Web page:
No pinot should be opened before it’s time! In this case, it’s been sleeping for a few years, so I think the 2009 David Bynum Russian River Valley Pinot Noir is safe to be consumed. This is what I consider to be the now classic Russian River Valley Pinot Noir. It i big and rich, and full of chewy black cherries. After a pass through my trusty Soiree however, the wine opened up to some sarsaparilla and pomegranate notes and was much calmer. While this is a large and robust pinot, RRV is tending that way. I think there are two primary reasons for this: Firstly, the global climate shift has changed weather patterns and made the area have more degree days than in previous years. Secondly, the palate of the masses likes a bolder pinot, tending towards syrah. This is similar to areas like the Santa Lucia Highlands, as well as the Santa Ynez Valley, made famous by Miles & Jack. There is a lightness of raspberry and bright red fruit hiding under all of that chewy cherry, but it’s dampened by the bitter quinine finish. The baking spices are strong, especially the clove notes which numb the tongue a touch. This is certainly a candidate for decanting, as well as aeration, but could use some serious opening up time. For $30, it’s averagely priced, but I’d like to see this about the $20 range. At 14.9% AVB it’s also going to knock your socks off if you’re not careful! If you can find it for less than retail, and you enjoy a larger pinot, you should TRY THIS! This wine was provided by Rodney Strong, paretn company of Davis Bynum, for consideration and sipping. It’s been hiding in my cellar so it’s aged to perfection!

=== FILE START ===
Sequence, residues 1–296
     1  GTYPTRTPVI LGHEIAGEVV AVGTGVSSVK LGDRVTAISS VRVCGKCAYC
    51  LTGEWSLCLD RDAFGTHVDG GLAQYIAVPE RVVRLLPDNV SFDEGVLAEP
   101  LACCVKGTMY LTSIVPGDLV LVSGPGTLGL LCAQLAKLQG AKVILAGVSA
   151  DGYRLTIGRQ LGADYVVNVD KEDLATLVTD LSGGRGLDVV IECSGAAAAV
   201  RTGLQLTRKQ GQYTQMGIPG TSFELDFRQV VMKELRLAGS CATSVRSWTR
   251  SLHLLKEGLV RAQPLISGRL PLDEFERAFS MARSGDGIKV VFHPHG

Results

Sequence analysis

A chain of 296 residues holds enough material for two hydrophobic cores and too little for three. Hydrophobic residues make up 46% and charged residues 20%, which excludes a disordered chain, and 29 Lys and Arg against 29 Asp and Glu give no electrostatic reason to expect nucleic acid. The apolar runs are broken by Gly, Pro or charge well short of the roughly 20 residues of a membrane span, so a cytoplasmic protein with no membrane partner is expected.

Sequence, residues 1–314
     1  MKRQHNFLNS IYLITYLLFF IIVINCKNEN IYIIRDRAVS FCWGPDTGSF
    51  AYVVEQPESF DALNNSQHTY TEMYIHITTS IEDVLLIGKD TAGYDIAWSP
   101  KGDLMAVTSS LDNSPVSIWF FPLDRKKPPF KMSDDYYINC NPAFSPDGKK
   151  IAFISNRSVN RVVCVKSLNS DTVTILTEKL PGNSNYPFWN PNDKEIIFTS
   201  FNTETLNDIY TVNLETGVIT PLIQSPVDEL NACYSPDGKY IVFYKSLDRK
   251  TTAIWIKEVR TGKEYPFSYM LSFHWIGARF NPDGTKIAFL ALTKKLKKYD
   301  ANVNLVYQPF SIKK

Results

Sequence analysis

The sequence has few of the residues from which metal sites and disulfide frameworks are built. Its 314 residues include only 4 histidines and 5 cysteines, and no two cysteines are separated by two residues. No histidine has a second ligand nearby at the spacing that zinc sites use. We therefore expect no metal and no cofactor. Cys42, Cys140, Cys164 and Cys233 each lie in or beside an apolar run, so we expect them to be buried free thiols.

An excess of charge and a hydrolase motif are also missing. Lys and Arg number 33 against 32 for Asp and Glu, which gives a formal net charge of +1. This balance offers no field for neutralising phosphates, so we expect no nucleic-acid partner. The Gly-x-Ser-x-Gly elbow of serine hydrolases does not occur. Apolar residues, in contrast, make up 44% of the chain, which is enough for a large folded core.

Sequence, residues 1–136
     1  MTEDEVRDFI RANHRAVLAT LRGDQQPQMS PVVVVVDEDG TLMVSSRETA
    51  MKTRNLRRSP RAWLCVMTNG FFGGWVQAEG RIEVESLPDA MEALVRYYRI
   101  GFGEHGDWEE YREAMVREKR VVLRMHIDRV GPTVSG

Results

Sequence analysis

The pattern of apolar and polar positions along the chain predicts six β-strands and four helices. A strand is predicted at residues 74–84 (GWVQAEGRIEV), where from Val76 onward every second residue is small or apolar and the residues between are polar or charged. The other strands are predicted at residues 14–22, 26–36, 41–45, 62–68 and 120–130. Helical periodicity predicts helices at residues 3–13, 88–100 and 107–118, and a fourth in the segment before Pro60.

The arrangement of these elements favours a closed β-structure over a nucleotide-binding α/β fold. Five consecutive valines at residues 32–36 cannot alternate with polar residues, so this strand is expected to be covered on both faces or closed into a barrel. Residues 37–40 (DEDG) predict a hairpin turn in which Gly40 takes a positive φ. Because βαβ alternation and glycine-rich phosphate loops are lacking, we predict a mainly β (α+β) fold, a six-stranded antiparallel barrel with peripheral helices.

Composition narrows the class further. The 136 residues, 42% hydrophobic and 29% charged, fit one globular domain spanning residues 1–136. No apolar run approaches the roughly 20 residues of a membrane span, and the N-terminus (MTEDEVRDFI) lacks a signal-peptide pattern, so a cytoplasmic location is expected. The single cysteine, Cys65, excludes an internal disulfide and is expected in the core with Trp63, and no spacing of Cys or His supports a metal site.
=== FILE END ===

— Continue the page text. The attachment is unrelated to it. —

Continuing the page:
I first found out about Cana’s Feast Winery when touring around the WIllamette Valley last fall. I didn’t pay it much attention, as we drove by on our way to a Pinot Pit Stop, primarily because they made other wines that weren’t on my hit list. Bu also because I was overwhelmed with other deliciousness. I finally woke up when my friend and fellow wine blogger started working there. Well! Fortunately for me, Tamara was able to send me samples as part of her marketing job, and I received a bottle of the 2008 Meredith Mitchell Pinot Noir. I wasn’t very happy with this wine at first, because it was very woody, and suffered from a bitter quinine aftertaste that just didn’t sit right with me for an Oregon Pinot. There was some burnt sugar and earth, and it was overwhelmed with dusty baking spice. Where was the fruit? Where was the PINOT in this Pinot? Well, far be it for me to throw away wine. It’s just not in my making to dump Pinot! So I left it, for about an hour, corked but not completely closed. When I came back to it, it was beginning to wake up but there really wasn’t any THERE there if you know what I mean. Oh well. Fortunately, the next night, since I already had two open bottles of Pinot, both from Willamette, I was able to re-taste it. What a different a day makes! Now, I tasted bright cherries, pomegranate, cranberry. There was my red fruit! There was my acid! It really opened up nicely, and turned in to a wine that I very much enjoyed. The lesson here is DECANT DECANT DECANT! It needs some serious air to show her true colors. I’d also cellar this for at LEAST 2 years to get the full benefit. Which brings up an interesting point. When I was poking around in September, I really didn’t like the 08 Pinots coming out of Willamette. They were just too ripe, too big, too Russian River, bordering on Sta Rita Hills. Gasp! Shock! Horror! That wasn’t what Oregon was supposed to be! WHere was my Burgundy? Where was my restrained style and light body? I was sadly disappointed. That said, here were are 6 months later; I’ve been tasting several of the 08s, as they are the current release for the most part. My my my what a little bottle age will do! They are improving, slowly but surely. I think 2008 might not be such a bad year after all… This bottle of Oregon Crack was supplied by my dealer at Cana’s Fest. Thanks guys!